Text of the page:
5.    10min: Summary and Exit Slip. The first group finished should write up a summary of their notes on the board. All students should write down any homework assignment before they exit. And all students should make sure their notes are as complete as the board notes.  Student should, on a half sheet of paper, write their answer to a basic check-in type question. This is their “exit slip,” from the class (be sure they know it is worth participation credit) and they turn it in as they leave.  Exit Slip Prompt: “My friend Jesse does not understand why (x+xy) + (x + xy) doesn’t equal 2x2y2. Please explain to Jesse what’s going wrong and how you could tell the answer wasn’t right.”

Instructor Notes
•    Heterogeneous grouping is recommended to help prevent any one group from just being stuck while another group is already finished. If you do not have enough computers and must run this as a single class exercise, you can do so. Just be sure to facilitate class discussion and allow multiple suggestions for addition and subtraction rules. Don’t jump to the right answer. At a preset time or whenever the time seems right, move from the discussion to the next recorded presentation. Then, use the practice problems as a whole-class quiz game. 

•    In part 4, I provide four questions. I recommend using the first question as a class example for how to evaluate numbers in their simplified and unsimplified results to check if a rule works. For example, X + X + X + Y might simplify to 3xy. How do we know it doesn’t? Put in x=2, y=4 and see if 2 + 2+ 2+ 4 = 3*2*4. It doesn’t? Then 3xy is wrong. Is 3x+y right? Check it the same way.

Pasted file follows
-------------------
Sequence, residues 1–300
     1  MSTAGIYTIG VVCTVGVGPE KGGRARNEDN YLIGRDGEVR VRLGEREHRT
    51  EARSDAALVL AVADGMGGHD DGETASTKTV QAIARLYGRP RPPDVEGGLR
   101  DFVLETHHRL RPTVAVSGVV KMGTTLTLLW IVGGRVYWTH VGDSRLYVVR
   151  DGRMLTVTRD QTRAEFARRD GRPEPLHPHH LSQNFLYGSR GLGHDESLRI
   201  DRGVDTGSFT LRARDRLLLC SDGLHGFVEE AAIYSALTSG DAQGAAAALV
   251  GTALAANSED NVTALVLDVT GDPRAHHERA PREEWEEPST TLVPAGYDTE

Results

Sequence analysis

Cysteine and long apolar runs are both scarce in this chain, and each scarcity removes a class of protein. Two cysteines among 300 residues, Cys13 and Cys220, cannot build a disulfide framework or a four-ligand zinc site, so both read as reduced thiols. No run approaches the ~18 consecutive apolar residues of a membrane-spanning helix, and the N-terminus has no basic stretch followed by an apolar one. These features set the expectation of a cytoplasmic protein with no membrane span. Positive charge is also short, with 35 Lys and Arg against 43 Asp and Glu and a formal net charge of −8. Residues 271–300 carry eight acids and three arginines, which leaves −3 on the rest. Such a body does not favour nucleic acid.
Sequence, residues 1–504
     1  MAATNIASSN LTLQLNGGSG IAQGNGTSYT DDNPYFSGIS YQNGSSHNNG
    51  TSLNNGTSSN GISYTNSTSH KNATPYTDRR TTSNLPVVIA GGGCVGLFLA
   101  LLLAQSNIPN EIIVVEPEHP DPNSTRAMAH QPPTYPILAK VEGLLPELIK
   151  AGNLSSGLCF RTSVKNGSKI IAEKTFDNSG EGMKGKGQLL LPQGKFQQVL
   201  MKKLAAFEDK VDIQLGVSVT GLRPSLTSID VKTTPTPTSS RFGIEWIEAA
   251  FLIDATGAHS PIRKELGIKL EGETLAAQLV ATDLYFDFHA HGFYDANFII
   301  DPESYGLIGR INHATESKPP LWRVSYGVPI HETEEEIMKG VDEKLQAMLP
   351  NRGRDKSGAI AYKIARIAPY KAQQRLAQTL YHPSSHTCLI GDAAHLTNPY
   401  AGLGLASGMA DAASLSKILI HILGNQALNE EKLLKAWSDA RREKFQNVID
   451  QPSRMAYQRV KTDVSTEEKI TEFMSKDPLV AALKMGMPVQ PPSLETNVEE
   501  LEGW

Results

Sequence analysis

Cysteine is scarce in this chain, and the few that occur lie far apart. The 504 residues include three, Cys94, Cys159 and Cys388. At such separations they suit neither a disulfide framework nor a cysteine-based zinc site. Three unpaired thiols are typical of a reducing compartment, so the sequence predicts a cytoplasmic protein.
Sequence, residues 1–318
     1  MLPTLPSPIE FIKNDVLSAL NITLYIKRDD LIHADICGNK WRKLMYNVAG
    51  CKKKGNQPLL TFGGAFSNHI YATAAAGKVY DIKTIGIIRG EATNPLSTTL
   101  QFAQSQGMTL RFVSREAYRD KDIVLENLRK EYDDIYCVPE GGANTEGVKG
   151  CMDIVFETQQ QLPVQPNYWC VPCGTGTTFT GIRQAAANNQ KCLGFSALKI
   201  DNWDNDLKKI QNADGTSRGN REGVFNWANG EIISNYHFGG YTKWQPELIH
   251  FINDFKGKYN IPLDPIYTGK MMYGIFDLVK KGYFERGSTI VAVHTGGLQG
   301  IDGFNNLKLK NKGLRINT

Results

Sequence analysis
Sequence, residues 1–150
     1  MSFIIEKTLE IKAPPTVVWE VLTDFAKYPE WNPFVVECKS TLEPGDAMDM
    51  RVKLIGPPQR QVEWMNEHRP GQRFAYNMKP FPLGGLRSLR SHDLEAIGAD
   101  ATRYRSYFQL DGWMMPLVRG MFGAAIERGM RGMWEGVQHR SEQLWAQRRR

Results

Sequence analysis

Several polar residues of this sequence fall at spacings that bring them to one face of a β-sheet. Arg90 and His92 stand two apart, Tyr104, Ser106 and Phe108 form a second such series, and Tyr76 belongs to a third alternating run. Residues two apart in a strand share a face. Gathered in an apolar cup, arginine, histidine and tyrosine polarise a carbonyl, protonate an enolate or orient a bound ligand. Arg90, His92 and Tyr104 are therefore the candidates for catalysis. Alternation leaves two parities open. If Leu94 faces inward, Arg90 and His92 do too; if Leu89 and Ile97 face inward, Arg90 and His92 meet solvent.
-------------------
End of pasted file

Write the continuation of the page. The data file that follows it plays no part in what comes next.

•    Warn students about false positives that can occur for their rules. Common sources for these false positives are reusing the same number for two different variables or using a number that is also a coefficient in the problem.

•    The NROC subtraction of polynomials presentation does not include an example in which a negative term gets subtracted. You’ll need to make sure this is covered later or students may not realize that addition results from the subtraction of a negative term.

•    A great question to include in a warm up for tomorrow: “My friend Jesse does not understand why (x + xy) - (x - xy) doesn’t equal 0. Please explain to Jesse what’s going wrong and what the answer should be.”

As this is an introductory assignment, participation should be the focus of grading. Any student who stayed on task and turned in a complete exit slip (or provided class notes) should receive full participation credit for the day. If kept in an organized notebook, notes from the morning video can be graded on a later day.

5pts--Arrived on time, stayed on task, and participated with class.
5pts--Turned in fully completed exit slip.  (If students complete the exit slip with no feedback from you, take the time to separate them into piles as you check them off as complete. Make one pile for fully complete and correct, one for sort of correct and sort of complete, one for complete but incorrect, and a final one for incomplete. This can help you get a sense of how well the concept is being understood and can help you set up truly heterogeneous groups. You’ll just pick one name from each pile until you’re out of names and note these as the groups for next time.)
Total= 10pts

You can also grade an activity like this with a rough “Plus, check, minus, zero,” format where a plus is worth 100% credit, a check is 75%, minus is 50%, and zero, 0%.